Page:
Heron Quays

Heron Quays, Tower Hamlets

Canary Wharf’s little sister was originally an eight-acre pair of quays but it has since been extended by a further three acres to connect with Canary Wharf at its eastern end

Heron Quays West
Heron Quays West [devel­op­ers’ CGI image]

Nar­row­er than the oth­er wharves of the West India Docks, Heron Quays (as it is now called) for­mer­ly sep­a­rat­ed the Export and South Docks. It was recon­fig­ured on sev­er­al occa­sions over the course of its work­ing life – in response to the increas­ing size of car­go ships and to take advan­tage of tech­no­log­i­cal inno­va­tions. There was a her­ring shed on the quay­side from around 1840. Ware­hous­es were lat­er built between the par­al­lel tracks of trav­el­ling cranes.

In the days of the docks, this man-made isth­mus did not have a name. Its north side was sim­ply the south quay of the Export Dock (not to be con­fused with the south quay of the South Dock, which has giv­en its name to the zone fur­ther south). Its south side was the north quay of the South Dock.

In an ear­ly chap­ter of the rede­vel­op­ment of the West India Docks, Tar­mac Brookglade Prop­er­ties drew up plans in 1981 for a mixed-use project that would cov­er this isth­mus. This mod­est £50 mil­lion scheme was tout­ed as the “jew­el in the crown” of Dock­lands regen­er­a­tion.

Hid­den Lon­don believes that some mar­ket­ing types at Tar­mac invent­ed the name ‘Heron Quays’ at the time this scheme was con­ceived. Per­haps their first thought was to call it ‘Her­ring Quays’ but then they decid­ed that ‘Heron Quays’ sound­ed bet­ter. Pos­si­bly the choice was influ­enced by the near­by pres­ence of Canary Wharf – an ornitho­log­i­cal name that did have his­tor­i­cal jus­ti­fi­ca­tion (through trade with the Canary Islands).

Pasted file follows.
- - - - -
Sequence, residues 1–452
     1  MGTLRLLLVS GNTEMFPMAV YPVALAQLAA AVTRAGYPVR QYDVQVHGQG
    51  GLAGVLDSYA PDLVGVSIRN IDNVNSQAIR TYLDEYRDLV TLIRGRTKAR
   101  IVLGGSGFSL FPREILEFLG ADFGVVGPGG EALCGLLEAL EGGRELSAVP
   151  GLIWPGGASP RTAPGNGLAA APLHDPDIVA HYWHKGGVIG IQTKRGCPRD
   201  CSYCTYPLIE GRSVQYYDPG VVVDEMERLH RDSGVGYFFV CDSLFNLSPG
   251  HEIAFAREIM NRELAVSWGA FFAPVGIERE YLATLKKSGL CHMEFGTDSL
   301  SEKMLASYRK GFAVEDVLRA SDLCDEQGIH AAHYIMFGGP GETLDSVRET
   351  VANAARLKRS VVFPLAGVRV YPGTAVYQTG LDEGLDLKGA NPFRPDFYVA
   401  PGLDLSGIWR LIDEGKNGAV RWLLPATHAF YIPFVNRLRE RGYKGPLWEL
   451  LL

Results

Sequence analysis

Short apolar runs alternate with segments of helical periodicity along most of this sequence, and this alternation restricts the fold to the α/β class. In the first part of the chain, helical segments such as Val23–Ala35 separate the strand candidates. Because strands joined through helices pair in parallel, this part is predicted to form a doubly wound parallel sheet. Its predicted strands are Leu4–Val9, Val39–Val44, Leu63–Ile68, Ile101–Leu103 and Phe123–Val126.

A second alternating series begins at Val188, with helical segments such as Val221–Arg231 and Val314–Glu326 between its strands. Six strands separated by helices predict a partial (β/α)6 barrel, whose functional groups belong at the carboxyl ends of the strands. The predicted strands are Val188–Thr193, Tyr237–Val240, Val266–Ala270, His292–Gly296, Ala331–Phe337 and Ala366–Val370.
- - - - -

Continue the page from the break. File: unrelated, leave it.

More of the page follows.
Only the first two phas­es of the Tar­mac scheme were com­plet­ed. These con­sist­ed of high-tech cab­ins with mono­pitch alu­mini­um-clad roofs and colour­ful enam­el pan­elling. Although gen­er­al­ly well received, the build­ings were not of the scale and grandeur of devel­op­ments that were tak­ing shape on neigh­bour­ing sites. The plan had been to cre­ate a “vil­lage of the future” at Heron Quays, with homes, shops and oth­er ameni­ties but the rest of the site remained emp­ty for more than a decade, main­ly owing to uncer­tain­ty in the prop­er­ty mar­ket.

In 2001 the Canary Wharf Group bought the site from Tar­mac and began work on the HQ project, also known as Canary Wharf South. The scheme con­sists of five office blocks, of which the three tallest are around 500 feet high. Ten­ants include Mor­gan Stan­ley and Clif­ford Chance. Heron Quays sta­tion was rebuilt beneath the HQ2 podi­um, with an under­ground link to the Jubilee Line sta­tion via a shop­ping cen­tre called Jubilee Place, above which Jubilee Park was laid out around a mod­er­ate­ly pleas­ing water fea­ture.

To the west, a set of inter­linked office tow­ers (shown in the artist’s impres­sion above) will soon begin to rise. The scheme is called Heron Quays West.

To prove the viability of the proposed City Airport, Captain Harry Gee landed a Brymon Dash 7 on the quay in June 1982.

Postal district: E14
Station: Docklands Light Railway, Lewisham branch (zone 2)


View larger OpenStreetMap